knee replacement surgery. (Id. at 944-947). In the
months that followed, she reported stiffness and some pain.
(Id. at 986-988) By February 2015, Dr. Johnson noted
that Jones's condition was "markedly improved."
(Id. at 985) Jones reported no pain associated with
her left knee by September 2015. (Id. at 984)
follow-up appointment in October 2016, Jones claimed most of
her pain was in the right knee and she was attempting to lose
weight before having her right knee replaced. (Id.
had gastric band surgery in 2006. (Id. at 446) In
July 2012, Dr. Merriman started seeing Jones about her
persistent symptoms of chest pain and heartburn.
(Id. at 466, 606) Dr. Merriman described these
symptoms as moderate to severe, and noted significant reflux
esophagitis with some mild atypia and a significant hiatal
hernia. (Id. at 466) Despite her band being loosened
in September 2012, Jones experienced persisting GERD
symptoms. (Id. at 409, 623, 631, 637) A subsequent
endoscopy with Dr. Merriman revealed dilation of the lower
third of her esophagus and a medium hiatal hernia.
(Id. at 445) She had the gastric band removed in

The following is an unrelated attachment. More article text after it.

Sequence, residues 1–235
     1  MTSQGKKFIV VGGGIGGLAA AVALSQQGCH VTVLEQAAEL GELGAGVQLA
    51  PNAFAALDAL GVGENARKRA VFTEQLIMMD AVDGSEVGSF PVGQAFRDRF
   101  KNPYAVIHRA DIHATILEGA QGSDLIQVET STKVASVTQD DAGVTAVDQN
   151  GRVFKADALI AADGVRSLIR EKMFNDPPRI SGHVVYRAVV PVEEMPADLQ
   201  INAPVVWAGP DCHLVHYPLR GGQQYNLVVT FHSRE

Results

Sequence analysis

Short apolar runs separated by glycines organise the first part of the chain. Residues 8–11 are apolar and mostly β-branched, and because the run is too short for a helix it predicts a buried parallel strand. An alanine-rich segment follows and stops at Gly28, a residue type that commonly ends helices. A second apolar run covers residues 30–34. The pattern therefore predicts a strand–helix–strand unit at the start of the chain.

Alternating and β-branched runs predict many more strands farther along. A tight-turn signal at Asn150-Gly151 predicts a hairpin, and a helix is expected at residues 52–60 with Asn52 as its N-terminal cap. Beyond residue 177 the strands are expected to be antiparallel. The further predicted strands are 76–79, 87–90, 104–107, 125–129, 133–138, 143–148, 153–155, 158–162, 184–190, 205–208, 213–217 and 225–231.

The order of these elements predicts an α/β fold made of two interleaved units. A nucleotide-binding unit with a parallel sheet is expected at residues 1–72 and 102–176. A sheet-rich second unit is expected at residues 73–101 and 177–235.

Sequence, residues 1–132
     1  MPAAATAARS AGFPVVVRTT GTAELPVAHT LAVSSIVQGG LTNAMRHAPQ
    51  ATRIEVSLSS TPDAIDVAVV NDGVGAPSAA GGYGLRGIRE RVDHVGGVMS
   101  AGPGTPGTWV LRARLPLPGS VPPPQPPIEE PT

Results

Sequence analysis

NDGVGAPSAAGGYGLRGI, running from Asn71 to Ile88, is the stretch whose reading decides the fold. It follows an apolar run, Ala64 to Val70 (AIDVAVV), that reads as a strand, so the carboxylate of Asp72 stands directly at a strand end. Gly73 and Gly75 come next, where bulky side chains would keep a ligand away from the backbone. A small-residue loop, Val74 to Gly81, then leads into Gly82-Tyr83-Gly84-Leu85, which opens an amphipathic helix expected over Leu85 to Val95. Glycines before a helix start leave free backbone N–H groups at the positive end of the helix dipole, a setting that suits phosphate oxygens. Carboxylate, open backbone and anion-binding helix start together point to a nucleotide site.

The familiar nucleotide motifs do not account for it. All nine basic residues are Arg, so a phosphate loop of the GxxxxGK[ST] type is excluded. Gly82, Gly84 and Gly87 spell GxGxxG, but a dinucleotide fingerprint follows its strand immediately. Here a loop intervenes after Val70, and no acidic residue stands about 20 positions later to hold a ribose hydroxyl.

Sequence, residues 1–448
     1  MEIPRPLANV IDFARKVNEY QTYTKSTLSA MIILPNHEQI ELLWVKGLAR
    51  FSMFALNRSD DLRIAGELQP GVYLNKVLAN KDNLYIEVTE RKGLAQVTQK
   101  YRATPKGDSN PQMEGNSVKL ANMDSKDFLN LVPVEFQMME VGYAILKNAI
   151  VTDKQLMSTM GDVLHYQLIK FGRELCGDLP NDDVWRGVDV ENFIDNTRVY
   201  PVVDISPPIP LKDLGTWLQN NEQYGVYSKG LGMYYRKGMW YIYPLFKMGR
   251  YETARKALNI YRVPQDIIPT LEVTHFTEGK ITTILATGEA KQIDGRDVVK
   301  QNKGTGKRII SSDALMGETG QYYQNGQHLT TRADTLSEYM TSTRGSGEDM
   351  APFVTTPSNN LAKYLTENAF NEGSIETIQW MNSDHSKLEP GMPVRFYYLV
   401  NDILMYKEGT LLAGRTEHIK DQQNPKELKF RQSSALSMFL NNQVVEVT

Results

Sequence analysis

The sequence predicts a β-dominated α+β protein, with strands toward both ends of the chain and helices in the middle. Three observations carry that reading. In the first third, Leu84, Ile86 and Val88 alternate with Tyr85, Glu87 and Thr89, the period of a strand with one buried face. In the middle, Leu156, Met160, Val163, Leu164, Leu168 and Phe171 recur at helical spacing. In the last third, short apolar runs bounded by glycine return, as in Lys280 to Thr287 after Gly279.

January 2013 and experienced post-operative anemia which
required a blood transfusion, but otherwise recovered.
(Id. at 444, 446) Following removal of the gastric
band, Jones reported some abdominal pain, but her symptoms
were much improved. (Id. at 505, 607, 612)
Raynaud's Syndrome & Rheumatoid
2013, Jones complained that her hands were cold, numb,
tingling, and turning white. (Id. at 694) On January
10, 2014, Dr. Burday noted that there was a deformity
regarding Jones's right thumb extension, and that her
right hand was cyanotic with whiteness of several fingers.
(Id. at 782) In November 2014, Dr. Schwartz
diagnosed Jones with Raynaud's syndrome and rheumatoid
arthritis and oversaw her treatment for the next several
years. (Id. at 873-874, 876-877, 880, 884, 886)
March 19, 2011, Jones was seen by Dr. Waid, a consultative
examiner who diagnosed her with major depression with
suicidal ideation and psychotic features. (Id. at
403) He concluded that Jones' impairments of her
abilities to carry out instructions under ordinary
supervision, cope with pressures of ordinary work, and
perform routine, repetitive tasks under ordinary supervision
were "moderately severe." (Id. at 404) He
assessed her ability for sustained work performance and
attendance in a normal work setting was severely impaired.
meeting Dr. Waid, Jones was reportedly "somewhat
down" and "somewhat anxious," but there were
no subsequent mental health reports mirroring the symptoms
Dr. Waid observed. (Id. at 567-568, 570, 583) Aside
from these occasional mood disturbances, Jones did not